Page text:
The Timing Mistake Ina Garten Warns Will Ruin Chilled Pastry

If you are a pastry chef or like to play one when you are in the kitchen, you probably know getting your pastry dough just right is important for your pies and apple turnovers. But one of the most important ingredients that goes into making pastry dough is patience. It needs to chill so that gluten can settle down. When this happens, you are setting your dough up for success. Properly chilled pastry dough is easier to roll out and ultimately bakes better; however, Ina Garten says if you chill your pastry dough longer than an hour, you are going to have problems.

Garten explains in her cookbook, "Cook Like A Pro," that you need to chill your dough for 60 minutes so it becomes elastic and your rolling pin can do its job. But when you forget about your dough, not only will it be difficult to roll out, but Garten wrote, "If you overchill dough and then try to bring it back to the right temperature, it will always be too soft on the outside and too hard on the inside."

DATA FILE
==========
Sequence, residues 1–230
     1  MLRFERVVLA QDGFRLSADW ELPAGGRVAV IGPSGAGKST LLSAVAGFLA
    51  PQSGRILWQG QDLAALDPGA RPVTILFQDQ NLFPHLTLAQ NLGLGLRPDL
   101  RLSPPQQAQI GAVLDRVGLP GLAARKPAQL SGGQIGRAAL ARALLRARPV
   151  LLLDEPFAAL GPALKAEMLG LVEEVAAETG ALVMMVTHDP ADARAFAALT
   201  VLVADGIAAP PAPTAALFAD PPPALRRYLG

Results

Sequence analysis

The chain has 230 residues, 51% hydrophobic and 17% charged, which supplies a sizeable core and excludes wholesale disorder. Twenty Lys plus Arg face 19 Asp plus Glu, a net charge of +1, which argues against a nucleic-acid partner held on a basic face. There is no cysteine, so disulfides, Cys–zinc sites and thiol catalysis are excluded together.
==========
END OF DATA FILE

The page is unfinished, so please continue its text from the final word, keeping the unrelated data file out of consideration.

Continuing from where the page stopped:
Hit it with a rolling pin

Chilling your dough and allowing it to rest for an hour also allows the moisture to spread throughout. Even if you have arms like those of Linda Hamilton from "The Terminator," that's not going to save overchilled dough. Unfortunately, it has a tendency to feel the effects of shrinkage and doesn't hold it shape. And if you plan on making one of Garten's boozy Thanksgiving day pies, or another holiday classic, that's not a baking challenge you want to have to correct.

Of course, if you do find that you were busy binging your favorite Netflix show du jour and you leave your pastry dough chilling a little longer than you meant to, you can try and get it back to where it needs to be by banging it with a rolling pin a couple of times to loosen it up. This should make it easier to roll out.